By founding Firriato in 1978, Salvatore Di Gaetano had clear ideas: to value the Trapani terroir and its historic grapes, and to achieve the highest quality wines with farming management based on environmental sustainability. Firriato, which has always been substantially organic, joined in 2007 and began the process to obtain certification. In 2010, at the end of the period, the formal certification of organic agriculture arrived for all of the brand’s estates. It was a goal, but for Firriato this represented only a stage: “There is a beyond in everything”. In fact, with Irene Di Gaetano and her husband Federico Lombardo di Monte Iato we are witnessing a new turning point. Federico makes his solid scientific training available to improve the wines, thus the processes will be improved too, the natural aspect of the habitat will become an absolute value, the brand’s guiding principle and identity. This painstaking work over the years has led to numerous certifications: among the most important is the Carbon Neutrality, making Firriato in 2019, the first Italian wine company with zero impact.
Sustainability for Firriato
“It is a result that puts us at the forefront – says Federico Lombardo di Monte Iato, COO of the company – and that represents a new starting point for those who, like us, want to affirm a productive path of environmental sustainability with a serious commitment.” But this goal is, in chronological order, only the latest result of a path of active policies for the environment that has lasted for over a decade, an itinerary that has been built on precise field choices and on adherence to specific protocols, which have allowed the Di Gaetano family to obtain certifications that testify to solid results. It is for this reason that, in the last edition of Vini d’Italia, the company obtained the Special Prize for Sustainable Viticulture: “The key to everything – comments Federico – lies in the responsible use of natural resources. An awareness that Firriato, over the span of thirty years, has proven to have, taking its productive step towards certain and measurable objectives. The maintenance and care of the environment, in fact, are not only a medal, but is furthermore a concrete practice, expensive too, and the result of a vision that has deep roots in the soil, but at the same time looks to the future.” “This prestigious recognition – he concludes – fills us with pride, but at the same time, pushes us to continue in the name of sustainable agriculture and oenology: for this reason we have set the goal of raising the quality of the results of our performance, to reduce our carbon footprint; we will strive to maintain the status of Carbon Neutrality, continuing to search for all solutions aimed at reducing greenhouse gas emissions. Our goal for 2025 is to have a positive emissions balance.”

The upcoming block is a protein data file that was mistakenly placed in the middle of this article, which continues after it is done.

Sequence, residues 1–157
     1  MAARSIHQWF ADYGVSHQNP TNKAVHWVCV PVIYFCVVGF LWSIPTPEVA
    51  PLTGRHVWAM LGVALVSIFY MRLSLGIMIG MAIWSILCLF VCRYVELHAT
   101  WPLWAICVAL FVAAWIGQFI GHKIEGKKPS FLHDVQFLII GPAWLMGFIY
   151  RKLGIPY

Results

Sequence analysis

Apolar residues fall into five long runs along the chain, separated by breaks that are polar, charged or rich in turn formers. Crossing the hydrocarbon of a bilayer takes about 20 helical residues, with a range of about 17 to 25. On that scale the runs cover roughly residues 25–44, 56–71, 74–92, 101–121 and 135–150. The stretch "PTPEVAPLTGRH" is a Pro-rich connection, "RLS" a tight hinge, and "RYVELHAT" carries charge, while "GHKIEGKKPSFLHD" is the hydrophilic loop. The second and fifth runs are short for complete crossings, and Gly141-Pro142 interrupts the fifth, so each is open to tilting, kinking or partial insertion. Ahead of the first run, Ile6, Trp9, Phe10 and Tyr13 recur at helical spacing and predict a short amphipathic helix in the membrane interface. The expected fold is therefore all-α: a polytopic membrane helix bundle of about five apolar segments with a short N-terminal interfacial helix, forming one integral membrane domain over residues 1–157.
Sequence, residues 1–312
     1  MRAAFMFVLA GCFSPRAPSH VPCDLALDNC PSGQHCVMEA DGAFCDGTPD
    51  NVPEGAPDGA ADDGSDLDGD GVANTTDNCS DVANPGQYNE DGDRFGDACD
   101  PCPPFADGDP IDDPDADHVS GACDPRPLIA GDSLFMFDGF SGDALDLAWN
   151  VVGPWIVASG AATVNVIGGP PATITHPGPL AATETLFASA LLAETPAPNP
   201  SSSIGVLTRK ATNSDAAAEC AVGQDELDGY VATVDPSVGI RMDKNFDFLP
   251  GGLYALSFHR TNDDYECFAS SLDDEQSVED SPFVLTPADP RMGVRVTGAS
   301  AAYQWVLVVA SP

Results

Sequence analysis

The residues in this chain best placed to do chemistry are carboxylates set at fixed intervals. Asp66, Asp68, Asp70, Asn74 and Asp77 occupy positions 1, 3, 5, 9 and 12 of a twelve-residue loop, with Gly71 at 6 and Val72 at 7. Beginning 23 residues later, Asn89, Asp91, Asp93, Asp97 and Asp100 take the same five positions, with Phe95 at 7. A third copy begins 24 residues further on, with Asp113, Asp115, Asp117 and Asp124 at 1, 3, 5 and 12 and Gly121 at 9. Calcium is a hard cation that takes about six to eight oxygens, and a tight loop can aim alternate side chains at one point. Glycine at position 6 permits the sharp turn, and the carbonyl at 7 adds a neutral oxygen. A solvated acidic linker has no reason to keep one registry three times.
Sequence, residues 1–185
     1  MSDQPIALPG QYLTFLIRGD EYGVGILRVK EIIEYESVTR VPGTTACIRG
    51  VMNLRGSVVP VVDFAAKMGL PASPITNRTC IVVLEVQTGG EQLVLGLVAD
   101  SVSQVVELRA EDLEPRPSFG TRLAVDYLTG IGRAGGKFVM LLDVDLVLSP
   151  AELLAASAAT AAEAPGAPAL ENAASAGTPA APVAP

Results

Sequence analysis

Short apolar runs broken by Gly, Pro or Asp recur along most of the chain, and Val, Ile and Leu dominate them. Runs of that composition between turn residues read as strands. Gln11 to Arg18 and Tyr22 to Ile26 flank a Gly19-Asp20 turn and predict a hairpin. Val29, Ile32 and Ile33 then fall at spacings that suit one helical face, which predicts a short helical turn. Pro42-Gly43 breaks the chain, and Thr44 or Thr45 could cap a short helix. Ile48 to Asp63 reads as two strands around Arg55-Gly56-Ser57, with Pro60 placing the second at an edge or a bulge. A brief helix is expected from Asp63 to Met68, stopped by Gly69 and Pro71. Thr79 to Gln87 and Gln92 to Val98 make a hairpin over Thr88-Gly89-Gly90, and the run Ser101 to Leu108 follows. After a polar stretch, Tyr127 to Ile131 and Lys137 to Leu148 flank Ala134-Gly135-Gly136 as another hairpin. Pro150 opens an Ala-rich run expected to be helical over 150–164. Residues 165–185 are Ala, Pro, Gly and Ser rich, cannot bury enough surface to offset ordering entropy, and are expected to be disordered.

All this takes place on vineyards that extend for 470 hectares in different areas of Sicily, a pedoclimatic and varietal palette that best represents the diversity of the many territories of the island. Hills, sea, mountains: the first acquisitions in the Trapani countryside were followed over the years by Cavanera sull’Etna (north-east flank) and Calamoni, on the suggestive island of Favignana. And so the clays of Baglio Sorìa, Borgo Guarini, Dàgala Borromeo and Pianoro Cuddìa, counterbalance the peculiar mountain characteristics of the vineyards of Castiglione di Sicilia on Etna, with the circle that ideally closes, instead, by the sea, at Favignana, on the central-southern side of the island. All this obviously gives life to a wide and multifaceted range, which at the same time includes large-scale productions alongside truly niche labels. In Vini d’Italia 2021 the Tre Bicchieri went to Sicilia Perricone Ribeca ’15, an intense and deep red, characterised by a silky and balsamic mouth, infinitely long. Favinia La Muciara ’18 is excellent. The label is made from grillo, catarratto and zibibbo vineyards grown in the Calamoni vineyard on the island of Favignana, practically by the sea, which give a fresh, rich and sunny white with notes of Mediterranean scrub. Also from Etna comes a great version of white: the Cavanera Ripa di Scorciavacca ’18, a wine of refined elegance, with a great gustatory balance between acidity and minerality.